Ithaca College Quarterly 2005/1
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PT's New Foot and Ankle Center

A passion for education and research is the basis for Ithaca College's new Center for Foot and Ankle Research in Rochester. The center is the College's answer to a startling statistic: the U.S. population spends $3 billion a year on foot health, according to the Cleveland Clinic Health Information Center.

Over the past decade Ithaca College's Department of Physical Therapy at the Rochester campus has developed a strong, collaborative relationship with the Strong Orthopaedic Foot and Ankle Institute at the University of Rochester. This relationship began in 1995 when IC physical therapy professor Debbie Nawoczenski and Judy Baumhauer, M.D., of the University of Rochester combined their passion and expertise to study foot and ankle pathology. The growth of the research team has paralleled the expansion of personnel and technology in both departments. Nawoczenski says the center is among the few in the country that specialize in these parts of the body.

Jeff Houck joined the IC Rochester faculty in 1999, bringing expertise in lower-extremity biomechanics and gait analysis. Ernest Nalette, chair of the PT grad program at IC's Rochester campus, directs the team and supporting staff. Another member of the team is Josh Tome, an engineer who is a research assistant to both faculty and students in the movement analysis laboratory. The U of R added two foot and ankle orthopedic surgeons, Benedict DiGiovanni and Sam Flemister.

"It's a unique situation for an institution to have multiple foot and ankle specialists in one location," says Nalette. "What is also exceptional is that Drs. Baumhauer, DiGiovanni, and Flemister have the appreciation, skills, and commitment to research that are critical to advance patient care. In addition to collaborative work with our faculty, each has been involved with graduate physical therapy students in mentored research projects."

The center focuses on devising treatments for foot and ankle problems, teaching PT graduate students, implementing new research into clinical practice, and carrying out community service activities such as screening examinations for the "high-risk" foot. Over the past nine years the team's collaborators have included physicians, pedorthists, orthotists, a statistician, a chiropractor, medical residents and students, and other biomechanic experts in physical therapy. They play key roles in the research studies, often referring patients to the center for research purposes. The majority of these studies enroll between 20 and 30 patients, but the center has had studies involving as many as 101 patients. Nawoczenski says the researchers are using state-of-the-art technology to study problems of the foot and ankle, including heel pain (plantar fasciitis) and posterior tibial tendonitis associated with flat feet, and even studying how hallux (big toe) motion may cause arthritis in the toe. They are also researching new pressure-reducing devices for patients who have foot ulcers.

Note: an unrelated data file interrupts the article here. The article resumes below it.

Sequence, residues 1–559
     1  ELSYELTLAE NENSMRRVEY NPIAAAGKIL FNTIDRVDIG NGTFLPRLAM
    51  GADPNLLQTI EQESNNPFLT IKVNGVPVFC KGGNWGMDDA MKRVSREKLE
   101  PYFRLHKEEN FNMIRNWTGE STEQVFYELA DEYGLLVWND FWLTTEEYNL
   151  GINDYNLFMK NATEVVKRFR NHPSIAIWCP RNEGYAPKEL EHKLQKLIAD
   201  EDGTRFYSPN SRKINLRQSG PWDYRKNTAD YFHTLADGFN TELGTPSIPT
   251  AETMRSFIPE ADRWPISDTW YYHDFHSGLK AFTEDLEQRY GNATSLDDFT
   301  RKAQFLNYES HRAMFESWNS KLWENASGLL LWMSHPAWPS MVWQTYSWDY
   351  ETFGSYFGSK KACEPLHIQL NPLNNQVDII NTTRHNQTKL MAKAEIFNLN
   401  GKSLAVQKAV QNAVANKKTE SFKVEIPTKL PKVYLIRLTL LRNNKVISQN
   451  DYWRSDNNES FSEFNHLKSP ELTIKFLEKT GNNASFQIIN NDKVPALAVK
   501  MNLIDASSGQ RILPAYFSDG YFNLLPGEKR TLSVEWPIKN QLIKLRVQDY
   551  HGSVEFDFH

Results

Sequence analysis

Nalette hopes the center will expand its education aspect for graduate students. "We anticipate that opportunities for students in collaborative studies related to foot and ankle dysfunction will continue to develop," he says. "We hope to continue attracting external funding specifically for foot and ankle research."

As part of the movement analysis laboratory, the College's center benefits from external funding sources such as the National Institutes of Health and the Whitaker Foundation. The center has also recently received a grant from an industry sponsor to research the scientific basis of the company's orthopedic products.

"We have an extraordinary combination of individuals with technical and clinical expertise who value the necessity of research to improve clinical practice," says Nalette. "The creation of our Center for Foot and Ankle Research formalizes this collaboration and recognizes Ithaca College's role as a premier player in this field."

Photos by Jim Largay

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